North Street 'affordable' plan down to 8 units

The proposed multifamily site is a triangular parcel with this small ranch house. —Press photo

Revisions by the developer have reduced the density of a vigorously contested plans for affordable housing development from 11 units to 8 units on four-tenths of an acre off North Street.

Plans for stormwater drainage, which had been the subject of scrutiny and criticism from neighbors, have also been revised.

Discussion of proposal for 24 North Street by Ridgefield Modular Home Corp. is scheduled to resume at 7:30 p.m. next Tuesday, Dec. 18, in the town hall annex.

Town Planner Betty Brosius summarized recently submitted changes to the plans in a Dec. 11 memorandum to Planning and Zoning Commission members. Among the changes she outlined were:

  • “The number of individual units has been reduced from eleven to eight.
  • “There are now six two-bedroom units and two three-bedroom units proposed; the four one-bedroom units (which were proposed in two modular units) have been eliminated.
  • “All drainage is now directed to a proposed new system in North Street, connecting to an existing system in Maple Shade Road, and not into nearby wetlands.
  • “The proposed drainage discharge has been shifted from the nearby wetlands that empty toward Copps Hill, and re-directed to a drainage system that empties into the Titicus River.

“New landscape plans were also submitted,” Ms. Brosius said.

“The architecture of the units has been changed, but we do not have revised plans with this submission. It is my understanding (supported by the landscape plan) that the two end units closest to North Street will have front doors facing the street, and the two units immediately behind the front units will face to the north and south, respectively, with front doors facing the neighbors.”

Ms. Brosius told the commission that she would send the revised plans to the town engineer, zoning enforcement officer, wetlands agent, fire marshal, Conservation Commission, Highway Department, Water Pollution Control Authority and the Police Commission.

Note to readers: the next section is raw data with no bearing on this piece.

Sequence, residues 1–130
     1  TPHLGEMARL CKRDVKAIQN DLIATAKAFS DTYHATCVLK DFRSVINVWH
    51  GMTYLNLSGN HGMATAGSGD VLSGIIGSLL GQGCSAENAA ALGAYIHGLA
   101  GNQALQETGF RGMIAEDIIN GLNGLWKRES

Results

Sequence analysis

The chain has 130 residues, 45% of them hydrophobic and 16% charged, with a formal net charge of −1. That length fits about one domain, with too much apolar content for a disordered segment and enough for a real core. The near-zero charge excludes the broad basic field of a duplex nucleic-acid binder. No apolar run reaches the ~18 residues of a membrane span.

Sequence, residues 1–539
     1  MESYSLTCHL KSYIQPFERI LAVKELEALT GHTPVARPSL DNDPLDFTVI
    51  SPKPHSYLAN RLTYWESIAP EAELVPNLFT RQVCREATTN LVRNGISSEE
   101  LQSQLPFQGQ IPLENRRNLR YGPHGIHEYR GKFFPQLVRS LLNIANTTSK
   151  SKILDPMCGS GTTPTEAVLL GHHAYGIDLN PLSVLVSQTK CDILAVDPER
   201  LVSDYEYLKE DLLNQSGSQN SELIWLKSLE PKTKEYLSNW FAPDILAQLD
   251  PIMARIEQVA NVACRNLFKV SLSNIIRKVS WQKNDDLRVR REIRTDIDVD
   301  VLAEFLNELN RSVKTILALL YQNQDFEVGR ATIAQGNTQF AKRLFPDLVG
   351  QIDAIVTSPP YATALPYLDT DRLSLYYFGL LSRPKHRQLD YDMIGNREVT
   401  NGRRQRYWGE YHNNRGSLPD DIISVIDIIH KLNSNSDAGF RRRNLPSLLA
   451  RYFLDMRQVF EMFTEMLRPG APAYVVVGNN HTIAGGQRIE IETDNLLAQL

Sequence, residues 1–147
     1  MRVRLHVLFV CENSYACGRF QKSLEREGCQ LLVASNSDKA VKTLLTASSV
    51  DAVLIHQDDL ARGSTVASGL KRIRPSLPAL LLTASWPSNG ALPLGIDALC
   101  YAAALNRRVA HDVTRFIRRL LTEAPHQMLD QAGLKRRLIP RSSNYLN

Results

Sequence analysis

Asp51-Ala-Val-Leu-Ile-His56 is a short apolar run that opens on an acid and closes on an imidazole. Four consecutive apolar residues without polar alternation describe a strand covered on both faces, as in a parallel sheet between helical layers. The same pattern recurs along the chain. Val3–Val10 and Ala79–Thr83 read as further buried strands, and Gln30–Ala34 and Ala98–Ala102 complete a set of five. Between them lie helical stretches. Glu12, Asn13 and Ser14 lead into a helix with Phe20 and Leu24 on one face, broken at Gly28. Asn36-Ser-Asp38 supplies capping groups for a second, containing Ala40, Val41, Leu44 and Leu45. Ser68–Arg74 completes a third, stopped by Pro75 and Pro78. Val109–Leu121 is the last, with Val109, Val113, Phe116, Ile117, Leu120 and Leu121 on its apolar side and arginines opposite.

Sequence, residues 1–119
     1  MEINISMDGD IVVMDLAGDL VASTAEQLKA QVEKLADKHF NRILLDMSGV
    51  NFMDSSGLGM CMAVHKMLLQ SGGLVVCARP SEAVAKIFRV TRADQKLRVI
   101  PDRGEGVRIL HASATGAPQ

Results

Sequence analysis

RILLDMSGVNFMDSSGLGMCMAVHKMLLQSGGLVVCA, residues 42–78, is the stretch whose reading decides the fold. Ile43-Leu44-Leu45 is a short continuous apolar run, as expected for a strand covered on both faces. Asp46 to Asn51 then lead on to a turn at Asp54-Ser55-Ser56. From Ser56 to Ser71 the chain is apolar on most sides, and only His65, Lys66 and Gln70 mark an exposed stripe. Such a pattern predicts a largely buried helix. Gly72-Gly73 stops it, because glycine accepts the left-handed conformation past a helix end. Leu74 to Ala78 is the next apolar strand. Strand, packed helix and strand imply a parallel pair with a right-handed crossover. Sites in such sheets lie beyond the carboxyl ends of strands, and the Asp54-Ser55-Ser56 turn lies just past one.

Next Tuesday’s will be the second public hearing session on the project. About 20 people turned out and six spoke — all against the plan — at the first hearing Nov. 20.

Opponents raised concerns that ranged from density to aesthetics, and devoted much of their testimony to neighborhood drainage problems.

Ridgefield Modular Home Corporation will need to make three of the proposed eight units “affordable” under state guidelines to meet the 30% which qualifies the project for consideration under state statute 8-30g, the controversial affordable housing law.  Under that law the plan needn’t meet  most of the zoning regulations — density, setbacks, etc. — that usually govern new construction.

Attorney Catherine Cuggino, representing Ridgefield Modular Home Corporation, had said at the first hearing session that the development team would be receptive to feedback and seek ways to make the project more acceptable though a collaborative process with town officials and neighbors.

“We’re willing to listen. This is the first meeting,” she’d said.

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  • CTYankee

    Wow, 11 units down to 8 – seems like a big reduction. But did they reduce the square footage by a similar amount or just eliminate some 1 BR units and increase the number of BRs in the 2BR and 3BR units (and increase the impact on the schools). It sounds to me like this was a preplanned “concession” by the developer.
    The current plan is for a total of 18 BR on 1/4 acre. Does any other development in Town have a density this high?

  • George

    So three units total got removed, but four one bedroom units got removed. So they must have added a two or three bedroom unit.

  • This and all the other current 8.30g issues could have been avoided had the First Selectman acted in a timely manner by ordering P&Z to do an inventory of our housing which would have then been submitted to the state in application of a four year moratorium. Instead he led from behind (as usual) by requesting this very tedious work & time consuming process to begin AFTER p&z was inundated in 8.30g applications.

    Had he done so, we would have had 4 years to figure out how to fight/change the law or a better way to handle it locally.

    I don’t know whether the First Selectman’s lack of commitment to this looming problem was exacerbated by his connections to the building trades in Ridgefield or it was simply bad leadership.

  • Big Bones McGee

    And to make matters worse, let’s not forget the Eureka/Bennett’s Pond property. The First Selectman stated in a court deposition that if the Town of Ridgefield actually achieves an 8-30 (g) moratorium, it will not apply to the Eureka property.
    Eureka could easily achieve 300 units on that property by providing 90 units, or 30%, affordable housing.

  • 8.30g […] it will not apply to the Bennett’s Farm development? What? Why not?

    Never heard / read that before. Could you direct me to the source?

    Thank you.

  • Big Bones McGee

    Based on the First selectman’s testimony as contained in a recent court ruling, any 8 30 (g) moratorium the Town acheives can not be used to delay/deny the Eureka development. I will forward you link to the source later.

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